A comparison of plot 3 of FIG. 5 and plot 3 of FIG. 2 clearly shows that the amplified spontaneous emission pulse of plot 3 of FIG. 5 is shifted in time to a later time in the laser emission than that of plot 3 of FIG. 2. This means that the line-narrowed light pulse having a narrow spectral bandwidth has already substantially fully developed by the time where the maximum of ASE would occur. As the narrow bandwidth light saturates the gain only a minimum of broadband ASE is contained in the laser output. Thus, the enlarged inductivity between the sustaining capacitors 50 and the electrode 42 a results in an extended current pulse through the discharge and the desired reduced ASE level. That means the spectral purity is improved in accordance with the preferred embodiment. This advantageously leads to better contrast quality and homogeneity of the line density in wafer scanner and step applications.
In the exemplary embodiments set forth above with respect to FIGS. 4a, 4 b and 5, the ASE background in the laser output pulse is reduced by more than 20× compared to the conventional arrangement described with respect to FIGS. 1 and 2. While measurement of a 248 nm laser with the arrangement from FIG. 1 yields an output pulse with approximately 5% ASE contained in the total laser emission, the arrangement of FIGS. 4a and 4 b for the otherwise same laser yields an output pulse having approximately only 0.2% ASE. Depending on the degree of enhancement of the spectral purity desired and in view of gain considerations, it may be desired to reduce the ASE to another value such as 2% or 1% or 0.5% or less. The object of the invention to reduce the proportion of the ASE within the laser pulse in order to achieve greater spectral purity in the emitted line-narrowed beam is thus met according the preferred embodiments set forth above.
While exemplary drawings and specific embodiments of the present invention have been described and illustrated, it is to be understood that that the scope of the present invention is not to be limited to the particular embodiments discussed. Thus, the embodiments shall be regarded as illustrative rather than restrictive, and it should be understood that variations may be made in those embodiments by workers skilled in the arts without departing from the scope of the present invention as set forth in the claims that follow, and equivalents thereof.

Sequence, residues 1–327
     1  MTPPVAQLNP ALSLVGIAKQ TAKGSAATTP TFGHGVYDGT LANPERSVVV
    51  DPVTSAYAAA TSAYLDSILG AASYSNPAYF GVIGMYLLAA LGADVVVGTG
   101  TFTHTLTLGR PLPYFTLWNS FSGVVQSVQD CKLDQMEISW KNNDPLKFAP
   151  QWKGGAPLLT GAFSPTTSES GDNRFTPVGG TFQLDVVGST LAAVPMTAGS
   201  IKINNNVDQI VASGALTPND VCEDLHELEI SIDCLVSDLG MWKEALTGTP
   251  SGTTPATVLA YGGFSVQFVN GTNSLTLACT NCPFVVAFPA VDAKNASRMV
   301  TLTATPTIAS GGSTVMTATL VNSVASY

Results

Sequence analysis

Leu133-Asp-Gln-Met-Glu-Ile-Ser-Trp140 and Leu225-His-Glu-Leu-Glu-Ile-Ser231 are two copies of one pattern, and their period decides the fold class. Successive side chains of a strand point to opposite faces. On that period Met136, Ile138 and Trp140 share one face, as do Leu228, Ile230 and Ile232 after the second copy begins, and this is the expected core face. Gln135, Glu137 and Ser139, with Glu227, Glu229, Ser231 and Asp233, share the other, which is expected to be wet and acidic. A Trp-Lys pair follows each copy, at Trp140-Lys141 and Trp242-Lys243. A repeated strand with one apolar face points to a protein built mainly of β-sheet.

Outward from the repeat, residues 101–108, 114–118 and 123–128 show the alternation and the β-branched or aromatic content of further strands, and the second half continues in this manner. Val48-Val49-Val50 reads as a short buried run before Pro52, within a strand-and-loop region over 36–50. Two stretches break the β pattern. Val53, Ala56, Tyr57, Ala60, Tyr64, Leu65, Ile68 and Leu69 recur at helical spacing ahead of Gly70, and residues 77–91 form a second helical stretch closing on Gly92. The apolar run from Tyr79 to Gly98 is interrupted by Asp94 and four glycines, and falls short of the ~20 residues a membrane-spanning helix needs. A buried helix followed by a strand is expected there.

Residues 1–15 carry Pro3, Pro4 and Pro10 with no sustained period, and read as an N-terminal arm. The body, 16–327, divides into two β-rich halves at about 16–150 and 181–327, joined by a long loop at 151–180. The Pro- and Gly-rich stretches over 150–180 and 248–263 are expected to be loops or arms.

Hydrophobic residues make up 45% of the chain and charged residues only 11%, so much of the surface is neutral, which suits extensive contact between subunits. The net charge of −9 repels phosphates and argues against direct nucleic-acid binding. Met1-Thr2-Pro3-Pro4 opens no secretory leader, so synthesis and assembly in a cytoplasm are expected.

In addition, in the method claims that follow, the steps have been ordered in selected typographical sequences. However, the sequences have been selected and so ordered for typographical convenience and are not intended to imply any particular order for performing the steps, except for those claims wherein a particular ordering of steps is expressly set forth or understood by one of ordinary skill in the art as being necessary.
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|U.S. Classification||372/87, 372/57, 372/38.07|
|International Classification||G03F7/20, H01S3/223, H01S3/097, H01S3/0971, H01S3/22, H01S3/225|
|Cooperative Classification||G03F7/70041, G03F7/70025, H01S3/225, H01S3/0971|
|European Classification||G03F7/70B4, G03F7/70B8, H01S3/0971, H01S3/225|